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Police Auditor Says Police Adhered to Policy in Shooting But Says Administrative Review Took Too Long

Published on Tuesday, February 20, 2024 | 3:43 pm

The City’s police auditor said police acted in concert with policy during a 2019 officer-involved shooting of a heavily armed man wearing body armor was shot and killed in 2019.

But he took the Police Department to task over the length of time it took to complete an administrative review of the matter.

The incident began shortly after 6:30 p.m. on May 17, 2019, after police responded to calls of a man with a gun on Glen Avenue near Howard Street.

When police arrived, Daniel Warren, 36, yelled at the officers and pointed a rifle at them.

Police opened fire, and Warren retreated behind a house where he was later found dead from a gunshot wound. Law enforcement officials were at first unsure if Warren was killed by police gunfire or committed suicide. Several days later, coroner officials determined Warren was fatally shot by police.

Investigators recovered a rifle with a large capacity drum-style magazine and a handgun nearby. According to sheriff’s deputies, Warren fired at least one round before retreating.

Then-Police Chief John Perez released the body-worn camera footage of the incident.

But a full four years passed before the officers were cleared of wrongdoing.

The District Attorney announced that the involved officers would not face any criminal charges on May 25, 2023, just a few days after the four-year anniversary of the incident.

While appearing before the City Council in 2022, Interim Police Chief Cheryl Moody said that according to city policy, local detectives respond to the scene immediately after an officer-involved shooting and begin a criminal investigation and notify the District Attorney’s office. Investigators from the District Attorney’s office may arrive at the scene. Once the detectives’ case is completed, it is submitted to the District Attorney for a determination on the legality of the shooting.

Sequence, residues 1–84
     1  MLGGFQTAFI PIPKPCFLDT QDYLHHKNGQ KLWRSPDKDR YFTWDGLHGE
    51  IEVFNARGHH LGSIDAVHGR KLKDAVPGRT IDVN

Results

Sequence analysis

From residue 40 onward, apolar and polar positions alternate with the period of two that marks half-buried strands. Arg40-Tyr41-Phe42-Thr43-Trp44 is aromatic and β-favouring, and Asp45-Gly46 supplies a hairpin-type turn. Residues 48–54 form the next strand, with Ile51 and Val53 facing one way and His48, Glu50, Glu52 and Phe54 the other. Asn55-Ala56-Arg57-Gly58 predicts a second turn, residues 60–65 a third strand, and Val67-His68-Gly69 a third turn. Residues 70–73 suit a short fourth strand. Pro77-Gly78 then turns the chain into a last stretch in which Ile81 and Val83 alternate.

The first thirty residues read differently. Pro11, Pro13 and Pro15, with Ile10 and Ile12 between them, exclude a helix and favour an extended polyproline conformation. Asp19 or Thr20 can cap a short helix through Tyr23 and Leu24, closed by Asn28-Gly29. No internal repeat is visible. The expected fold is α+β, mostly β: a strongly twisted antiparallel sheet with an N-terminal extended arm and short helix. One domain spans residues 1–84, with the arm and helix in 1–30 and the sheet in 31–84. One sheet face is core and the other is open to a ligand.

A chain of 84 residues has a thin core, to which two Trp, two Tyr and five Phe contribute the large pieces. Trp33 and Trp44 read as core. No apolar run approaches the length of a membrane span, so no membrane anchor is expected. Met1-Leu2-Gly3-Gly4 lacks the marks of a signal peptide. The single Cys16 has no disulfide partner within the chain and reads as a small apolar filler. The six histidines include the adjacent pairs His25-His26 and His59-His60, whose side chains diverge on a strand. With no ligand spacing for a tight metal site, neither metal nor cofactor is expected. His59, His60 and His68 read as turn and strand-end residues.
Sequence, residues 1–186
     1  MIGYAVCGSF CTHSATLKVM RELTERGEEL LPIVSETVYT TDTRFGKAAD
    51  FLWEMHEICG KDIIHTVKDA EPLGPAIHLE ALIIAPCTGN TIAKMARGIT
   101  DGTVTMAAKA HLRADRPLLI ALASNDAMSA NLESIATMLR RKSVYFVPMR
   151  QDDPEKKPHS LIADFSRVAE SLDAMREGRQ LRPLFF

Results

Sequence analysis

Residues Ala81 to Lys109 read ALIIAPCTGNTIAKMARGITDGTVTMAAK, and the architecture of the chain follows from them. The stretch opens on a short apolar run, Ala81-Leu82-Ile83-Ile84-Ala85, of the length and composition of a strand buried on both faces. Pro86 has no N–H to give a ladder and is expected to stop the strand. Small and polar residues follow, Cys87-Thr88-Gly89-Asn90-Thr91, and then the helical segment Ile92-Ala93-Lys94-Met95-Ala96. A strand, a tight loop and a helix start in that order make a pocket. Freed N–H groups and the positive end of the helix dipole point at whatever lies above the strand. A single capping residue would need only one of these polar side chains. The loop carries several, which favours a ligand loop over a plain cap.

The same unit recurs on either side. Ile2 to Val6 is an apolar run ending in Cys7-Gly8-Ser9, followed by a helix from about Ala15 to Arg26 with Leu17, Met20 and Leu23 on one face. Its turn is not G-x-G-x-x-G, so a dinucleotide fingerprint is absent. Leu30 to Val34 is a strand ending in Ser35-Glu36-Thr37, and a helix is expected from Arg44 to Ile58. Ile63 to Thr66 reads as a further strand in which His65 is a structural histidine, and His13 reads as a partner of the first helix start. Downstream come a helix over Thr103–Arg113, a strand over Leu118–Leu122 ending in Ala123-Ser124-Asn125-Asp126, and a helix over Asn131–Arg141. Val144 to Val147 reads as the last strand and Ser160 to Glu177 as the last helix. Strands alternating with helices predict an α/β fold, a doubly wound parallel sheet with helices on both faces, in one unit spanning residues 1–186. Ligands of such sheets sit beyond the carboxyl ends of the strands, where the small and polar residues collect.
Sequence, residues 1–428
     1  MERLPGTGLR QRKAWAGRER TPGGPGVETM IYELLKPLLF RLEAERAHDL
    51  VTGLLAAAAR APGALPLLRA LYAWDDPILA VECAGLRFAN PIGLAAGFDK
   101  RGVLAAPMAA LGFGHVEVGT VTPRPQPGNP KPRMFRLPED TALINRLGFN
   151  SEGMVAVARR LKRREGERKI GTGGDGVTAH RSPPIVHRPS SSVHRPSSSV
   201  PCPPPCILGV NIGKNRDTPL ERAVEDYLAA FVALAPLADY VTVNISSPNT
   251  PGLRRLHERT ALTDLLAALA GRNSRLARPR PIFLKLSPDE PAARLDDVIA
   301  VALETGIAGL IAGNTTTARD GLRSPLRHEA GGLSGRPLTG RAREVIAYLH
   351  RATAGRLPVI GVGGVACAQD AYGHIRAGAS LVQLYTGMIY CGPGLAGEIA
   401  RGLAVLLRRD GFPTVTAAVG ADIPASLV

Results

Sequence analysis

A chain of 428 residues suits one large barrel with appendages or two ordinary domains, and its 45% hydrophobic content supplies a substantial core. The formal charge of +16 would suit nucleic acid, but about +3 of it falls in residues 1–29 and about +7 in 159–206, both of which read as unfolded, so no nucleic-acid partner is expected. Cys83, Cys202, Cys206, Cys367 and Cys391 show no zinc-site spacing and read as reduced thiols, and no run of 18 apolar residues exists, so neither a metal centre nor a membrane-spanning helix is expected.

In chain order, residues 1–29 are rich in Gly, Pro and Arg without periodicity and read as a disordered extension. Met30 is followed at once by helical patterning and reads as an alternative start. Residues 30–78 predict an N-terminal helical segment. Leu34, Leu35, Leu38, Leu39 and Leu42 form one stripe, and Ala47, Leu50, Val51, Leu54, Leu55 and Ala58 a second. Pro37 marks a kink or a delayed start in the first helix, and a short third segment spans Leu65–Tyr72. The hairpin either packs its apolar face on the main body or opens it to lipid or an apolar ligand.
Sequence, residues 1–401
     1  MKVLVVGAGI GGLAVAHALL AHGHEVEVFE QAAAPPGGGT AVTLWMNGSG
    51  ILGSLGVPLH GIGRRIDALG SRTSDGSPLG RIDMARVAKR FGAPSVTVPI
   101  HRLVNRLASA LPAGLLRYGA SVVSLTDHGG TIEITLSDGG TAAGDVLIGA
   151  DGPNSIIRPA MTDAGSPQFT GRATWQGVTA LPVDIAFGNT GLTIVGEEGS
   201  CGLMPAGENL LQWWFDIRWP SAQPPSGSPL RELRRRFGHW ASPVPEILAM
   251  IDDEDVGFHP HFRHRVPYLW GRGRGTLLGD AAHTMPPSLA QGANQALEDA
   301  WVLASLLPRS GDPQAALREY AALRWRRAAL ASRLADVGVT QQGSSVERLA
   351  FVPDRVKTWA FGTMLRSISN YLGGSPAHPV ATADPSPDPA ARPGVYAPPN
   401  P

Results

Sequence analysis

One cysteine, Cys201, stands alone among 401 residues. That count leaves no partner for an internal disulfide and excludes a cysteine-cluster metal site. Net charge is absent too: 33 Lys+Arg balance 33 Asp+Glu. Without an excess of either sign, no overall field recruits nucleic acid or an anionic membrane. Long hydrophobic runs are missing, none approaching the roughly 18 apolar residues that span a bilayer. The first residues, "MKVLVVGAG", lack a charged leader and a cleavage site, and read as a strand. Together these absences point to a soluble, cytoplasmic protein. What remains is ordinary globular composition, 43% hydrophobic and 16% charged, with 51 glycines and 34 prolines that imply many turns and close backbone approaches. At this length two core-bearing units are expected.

The city’s administrative investigation is deferred until the District Attorney’s investigation is completed and all civil litigation matters resolved.

“While I concur that the shooting of Mr. Warren does appear to have been within policy and justified based on both criminal and administrative standards, and while I also applaud the Department for conducting a comprehensive review of the incident, I have identified several issues and concerns relating to the investigation and administrative review of this incident,” wrote Pasadena Independent Police Auditor Richard Rosenthal in a memo to Police Chief Eugene Harris.

According to Rosenthal, the delay in the administrative investigation and review of the incident negatively impacted the Police Department’s ability to learn from the incident and provide critical feedback to the involved employees.

“This case highlights the need for the Department to conduct timely administrative investigations of all officer-involved critical incidents.”

Warren was arrested twice by Pasadena police before the fatal encounter.

On March 23, 2019, after holding officers at bay for more than two hours in the city’s Playhouse District when he refused to come out of his car. In that incident, police were called to Oak Knoll Avenue at East Colorado Boulevard at 10:09 a.m. after a caller reported a man littered and urinated on the property, according to Pasadena Now.

After officers arrived, they found Warren and a woman sitting in a car inside the parking structure at an apartment complex.

Things intensified after police discovered there was a warrant for Warren’s arrest for an assault charge. An armored vehicle was called to the scene, and Warren was taken into custody without incident.

He was scheduled to appear in court this Thursday, May 23, on assault by means likely to produce great bodily injury and battery causing serious bodily injury, according to court records.

Warren was arrested again by Pasadena police on May 9 on suspicion of committing battery on a peace officer. He was scheduled to be arraigned in that case on June 3.

“In this case, the District Attorney did not issue his conclusion that the involved officers would not face any criminal charges until May 25, 2023, just a few days after the four-year anniversary of the incident,” Rosenthal said. “Although the Police Department immediately initiated its administrative investigation of the incident upon receipt of that decision, the amount of time that had passed led to an ultimate untimely adjudication of the case.”

“We thank Dr. Rosenthal for his review of this incident. The Pasadena Police Department is committed to continuous improvement in all aspects of policing,” said Chief Harris. “Dr. Rosenthal’s reports are an integral part of our ongoing efforts to implement best practices for the community we serve.”

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